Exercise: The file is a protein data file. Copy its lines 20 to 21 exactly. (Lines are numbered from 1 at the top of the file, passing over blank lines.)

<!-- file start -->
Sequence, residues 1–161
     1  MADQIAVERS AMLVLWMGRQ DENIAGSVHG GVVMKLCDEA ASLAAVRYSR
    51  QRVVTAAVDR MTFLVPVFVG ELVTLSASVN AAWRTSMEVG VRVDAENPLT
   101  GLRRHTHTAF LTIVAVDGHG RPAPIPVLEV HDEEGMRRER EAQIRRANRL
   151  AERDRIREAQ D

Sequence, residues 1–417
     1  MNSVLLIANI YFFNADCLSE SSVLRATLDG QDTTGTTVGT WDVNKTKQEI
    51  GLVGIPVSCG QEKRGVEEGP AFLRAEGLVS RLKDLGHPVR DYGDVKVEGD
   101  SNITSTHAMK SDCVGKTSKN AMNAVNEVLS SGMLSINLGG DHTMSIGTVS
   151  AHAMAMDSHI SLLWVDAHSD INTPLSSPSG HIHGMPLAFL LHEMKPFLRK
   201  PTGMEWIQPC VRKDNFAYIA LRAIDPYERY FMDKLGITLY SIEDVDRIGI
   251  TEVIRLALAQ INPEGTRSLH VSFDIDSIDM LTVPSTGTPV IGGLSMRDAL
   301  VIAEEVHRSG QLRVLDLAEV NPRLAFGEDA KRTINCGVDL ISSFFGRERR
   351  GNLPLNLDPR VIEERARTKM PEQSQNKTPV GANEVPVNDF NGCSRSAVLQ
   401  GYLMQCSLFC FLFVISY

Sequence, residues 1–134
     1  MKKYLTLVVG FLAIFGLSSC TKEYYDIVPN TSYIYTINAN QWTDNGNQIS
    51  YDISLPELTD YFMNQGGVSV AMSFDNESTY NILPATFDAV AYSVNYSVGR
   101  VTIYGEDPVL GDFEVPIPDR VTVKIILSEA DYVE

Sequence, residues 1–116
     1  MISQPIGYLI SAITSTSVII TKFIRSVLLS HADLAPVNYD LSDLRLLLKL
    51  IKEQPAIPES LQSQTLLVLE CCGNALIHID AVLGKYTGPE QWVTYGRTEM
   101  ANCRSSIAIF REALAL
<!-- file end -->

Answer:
Sequence, residues 1–116
     1  MISQPIGYLI SAITSTSVII TKFIRSVLLS HADLAPVNYD LSDLRLLLKL